It was an experience alright. Not one many seemed to get. What do I mean by that? That even among the pulp schlock crowd there are idiots who don’t even seem to know what they are watching. Two things stood out among the audience during this film. The first, moments after Rodriguez’s Planet Terror came to a conclusion a good 20 people stood up and left the theater as if the movie was over. I watched in absolute astonishment as this occurred. Did they not realize that Kurt Russell hadn’t appeared in the film yet? That there was no deadly car chase sequences? Very odd. And secondly, only about a quarter of the audience was laughing and truly appreciating the amazing experience that these two talented filmmakers created for our pleasure. They were watching but they certainly weren’t seeing. Every detail of these two films was so minutely crafted to capture the essence of the original grindhouse movies that really its difficult to calm them bad movies. From seeing the crew and camera man in the mirrors in the opening moments of Planet Terror to the constantly shifting backgrounds every time the camera cuts in the first car ride in Death Proof, you know, if nothing else, that Rodriguez and Tarrantino have seen far too many of these movies themselves.
But even where homage is paid, the films stand alone as very entertaining and enjoyable modern films. The car crash sequences in Death Proof are really quite thrilling. The violence is unquestionably and almost realistically violent. If you know someone who has been in a fatal automobile accident, you may want to close your eyes during this sophisticated slasher movies first big death scene. But then if you do, the final 20 minutes of the film won’t be nearly as satisfying. The only problem here is that, well, you’ve seen Tarrantino do this all before. Certainly not with a murdering stuntman behind the wheel, but the whole 70’s exploitation in modern setting, you have…over and over again. So when the camera wraps around the girls in a diner quipping in pulp culture references…you’ve seen it. When you witness the over the top violence…you’ve seen it. This is Tarrantio’s specialty. This is why people love him, and will continue to do so. Because while he takes himself seriously as a filmmaker (my friends would argue too seriously), he takes himself too seriously when concerning film genres that don’t matter as much to anyone else. (Except maybe Eli Roth – who is his own sort of twistedness.) Even when there are a few moments of this film that drag a bit (the second group of girls especially), it’s so smoothly done, and has such an incredible end, you’ll find yourself a fan…I was even hooting and hollering in the end, which is something I don’t normally do. And thank goodness Kurt Russell exists. I don’t know what I would do without the man.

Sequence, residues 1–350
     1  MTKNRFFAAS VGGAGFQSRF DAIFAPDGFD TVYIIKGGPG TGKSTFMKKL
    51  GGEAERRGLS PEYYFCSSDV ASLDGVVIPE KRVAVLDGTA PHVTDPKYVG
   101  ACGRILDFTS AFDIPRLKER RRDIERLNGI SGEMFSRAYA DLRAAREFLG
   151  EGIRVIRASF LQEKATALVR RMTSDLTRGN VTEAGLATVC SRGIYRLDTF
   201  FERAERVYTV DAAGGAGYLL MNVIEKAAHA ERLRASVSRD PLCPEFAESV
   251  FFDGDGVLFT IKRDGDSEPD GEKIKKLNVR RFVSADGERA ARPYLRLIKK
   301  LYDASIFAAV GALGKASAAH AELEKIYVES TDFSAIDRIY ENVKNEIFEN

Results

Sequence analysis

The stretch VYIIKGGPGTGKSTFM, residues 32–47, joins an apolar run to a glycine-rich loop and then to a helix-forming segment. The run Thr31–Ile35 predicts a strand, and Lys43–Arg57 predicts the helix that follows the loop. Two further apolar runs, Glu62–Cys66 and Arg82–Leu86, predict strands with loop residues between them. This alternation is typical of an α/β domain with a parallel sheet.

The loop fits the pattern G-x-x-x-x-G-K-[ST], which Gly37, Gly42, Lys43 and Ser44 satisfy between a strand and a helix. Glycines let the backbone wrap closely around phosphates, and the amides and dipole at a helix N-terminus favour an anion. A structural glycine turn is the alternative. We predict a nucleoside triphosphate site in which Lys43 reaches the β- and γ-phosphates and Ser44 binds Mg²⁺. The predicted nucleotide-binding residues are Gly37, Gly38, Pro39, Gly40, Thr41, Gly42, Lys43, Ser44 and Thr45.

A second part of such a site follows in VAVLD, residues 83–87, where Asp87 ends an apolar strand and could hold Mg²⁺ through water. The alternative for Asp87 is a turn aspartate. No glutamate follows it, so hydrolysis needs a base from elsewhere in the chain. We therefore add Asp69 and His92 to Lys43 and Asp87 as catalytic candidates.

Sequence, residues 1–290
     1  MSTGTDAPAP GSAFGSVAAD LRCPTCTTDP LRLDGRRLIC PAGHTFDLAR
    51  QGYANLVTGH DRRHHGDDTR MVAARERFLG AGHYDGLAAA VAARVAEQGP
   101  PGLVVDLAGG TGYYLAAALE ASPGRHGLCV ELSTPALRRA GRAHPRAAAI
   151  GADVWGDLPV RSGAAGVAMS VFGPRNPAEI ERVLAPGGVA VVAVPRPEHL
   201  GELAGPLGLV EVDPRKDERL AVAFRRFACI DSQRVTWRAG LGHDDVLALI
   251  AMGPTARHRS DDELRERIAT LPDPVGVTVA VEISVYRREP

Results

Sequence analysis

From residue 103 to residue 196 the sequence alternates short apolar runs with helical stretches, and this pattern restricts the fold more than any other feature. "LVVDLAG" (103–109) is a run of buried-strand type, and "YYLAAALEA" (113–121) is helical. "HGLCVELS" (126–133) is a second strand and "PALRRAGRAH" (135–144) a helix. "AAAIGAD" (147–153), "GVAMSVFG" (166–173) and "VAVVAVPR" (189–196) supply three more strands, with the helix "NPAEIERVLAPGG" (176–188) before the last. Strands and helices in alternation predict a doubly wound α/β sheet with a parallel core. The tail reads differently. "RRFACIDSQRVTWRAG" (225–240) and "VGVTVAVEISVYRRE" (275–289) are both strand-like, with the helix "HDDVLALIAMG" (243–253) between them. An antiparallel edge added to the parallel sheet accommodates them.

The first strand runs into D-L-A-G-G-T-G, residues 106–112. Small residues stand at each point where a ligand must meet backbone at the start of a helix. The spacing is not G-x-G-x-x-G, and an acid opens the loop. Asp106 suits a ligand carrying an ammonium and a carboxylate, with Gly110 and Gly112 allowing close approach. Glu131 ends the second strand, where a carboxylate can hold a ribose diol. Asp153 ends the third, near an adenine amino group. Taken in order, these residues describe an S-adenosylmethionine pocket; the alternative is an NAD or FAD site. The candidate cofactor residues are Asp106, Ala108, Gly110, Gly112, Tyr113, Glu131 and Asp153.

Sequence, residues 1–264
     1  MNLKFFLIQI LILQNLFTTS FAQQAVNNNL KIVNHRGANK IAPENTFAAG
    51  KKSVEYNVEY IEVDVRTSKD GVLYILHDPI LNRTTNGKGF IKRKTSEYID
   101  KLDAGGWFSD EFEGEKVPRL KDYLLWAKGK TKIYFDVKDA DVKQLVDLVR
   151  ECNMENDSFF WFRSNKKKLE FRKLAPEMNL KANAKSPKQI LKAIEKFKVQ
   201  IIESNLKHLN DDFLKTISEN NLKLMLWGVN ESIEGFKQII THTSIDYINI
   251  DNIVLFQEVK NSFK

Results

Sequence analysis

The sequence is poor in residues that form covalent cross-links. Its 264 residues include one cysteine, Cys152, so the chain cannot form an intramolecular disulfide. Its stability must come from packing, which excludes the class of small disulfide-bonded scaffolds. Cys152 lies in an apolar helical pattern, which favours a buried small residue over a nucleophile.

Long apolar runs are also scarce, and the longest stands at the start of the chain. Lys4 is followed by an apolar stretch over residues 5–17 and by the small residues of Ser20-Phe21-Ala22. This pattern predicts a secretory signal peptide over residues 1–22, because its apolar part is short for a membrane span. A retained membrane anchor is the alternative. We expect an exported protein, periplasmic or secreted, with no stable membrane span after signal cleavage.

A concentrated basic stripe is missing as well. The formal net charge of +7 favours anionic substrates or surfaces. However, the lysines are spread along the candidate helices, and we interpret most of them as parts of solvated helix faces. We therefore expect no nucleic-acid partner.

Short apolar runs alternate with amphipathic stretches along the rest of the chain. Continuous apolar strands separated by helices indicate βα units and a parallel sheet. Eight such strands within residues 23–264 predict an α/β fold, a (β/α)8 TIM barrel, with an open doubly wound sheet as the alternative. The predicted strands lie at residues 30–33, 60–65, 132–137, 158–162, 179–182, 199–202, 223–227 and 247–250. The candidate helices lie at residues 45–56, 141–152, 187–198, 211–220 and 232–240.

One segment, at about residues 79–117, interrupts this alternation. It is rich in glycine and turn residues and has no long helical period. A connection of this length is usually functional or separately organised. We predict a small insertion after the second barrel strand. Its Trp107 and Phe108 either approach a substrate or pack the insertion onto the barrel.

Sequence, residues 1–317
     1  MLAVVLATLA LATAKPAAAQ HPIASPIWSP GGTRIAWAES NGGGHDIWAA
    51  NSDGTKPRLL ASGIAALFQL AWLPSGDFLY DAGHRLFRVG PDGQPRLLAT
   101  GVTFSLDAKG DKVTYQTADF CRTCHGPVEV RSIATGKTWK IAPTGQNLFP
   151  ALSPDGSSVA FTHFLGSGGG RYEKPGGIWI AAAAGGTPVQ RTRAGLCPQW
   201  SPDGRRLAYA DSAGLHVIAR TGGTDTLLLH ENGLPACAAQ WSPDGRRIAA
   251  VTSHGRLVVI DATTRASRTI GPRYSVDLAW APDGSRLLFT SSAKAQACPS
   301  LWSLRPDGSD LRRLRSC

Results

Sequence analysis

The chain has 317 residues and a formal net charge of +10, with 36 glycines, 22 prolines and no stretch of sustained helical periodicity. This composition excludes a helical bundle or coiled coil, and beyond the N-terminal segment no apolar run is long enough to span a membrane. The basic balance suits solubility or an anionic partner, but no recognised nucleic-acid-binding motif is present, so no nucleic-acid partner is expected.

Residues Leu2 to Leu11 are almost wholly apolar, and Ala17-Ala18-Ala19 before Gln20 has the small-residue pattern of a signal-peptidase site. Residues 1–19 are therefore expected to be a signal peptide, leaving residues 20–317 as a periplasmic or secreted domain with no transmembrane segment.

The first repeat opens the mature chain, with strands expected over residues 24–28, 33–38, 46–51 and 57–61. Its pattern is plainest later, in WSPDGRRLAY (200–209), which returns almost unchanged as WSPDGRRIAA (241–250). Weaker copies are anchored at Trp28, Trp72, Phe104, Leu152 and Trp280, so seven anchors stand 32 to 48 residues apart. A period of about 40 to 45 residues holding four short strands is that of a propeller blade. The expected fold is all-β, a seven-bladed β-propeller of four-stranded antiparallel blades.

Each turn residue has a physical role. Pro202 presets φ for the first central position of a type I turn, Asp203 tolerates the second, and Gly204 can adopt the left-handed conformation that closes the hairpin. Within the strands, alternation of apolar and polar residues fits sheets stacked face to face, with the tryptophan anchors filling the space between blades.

As for Rodriguez’s Planet Terror. It’s just impressive to see a man take such a ridiculous idea and make something beautiful out of it. Oh, and grotesque. But instead of making my own statements about the film, I’m going to pick on someone else’s statements. That being this final statement made by Richard Roeper in his current review “Grindhouse” over at the Chicago Sun Times…
“Rodriguez is a ridiculously talented writer, director, editor, composer, cinematographer, sound designer, etc., etc., and he absolutely nails the tone of the classic zombie gore-fest. Even through all the winks and blood and decapitations, he gives us twisted little subplots and a handful of three-dimensional characters. The cast is strong, though it’s a bit tough to buy the slight (albeit talented) Freddy Rodriguez as the baddest man on the planet. The sole reason I’m giving “Planet Terror” only three stars is I’ve never been a zombie-movie guy; I’ve always found this particular strain of undead, with their limited brainpower and their halting gaits and their dopey groaning, to be among the least interesting horror-movie monsters. But for fans of the genre, “Planet Terror” is just about perfect.” (more…)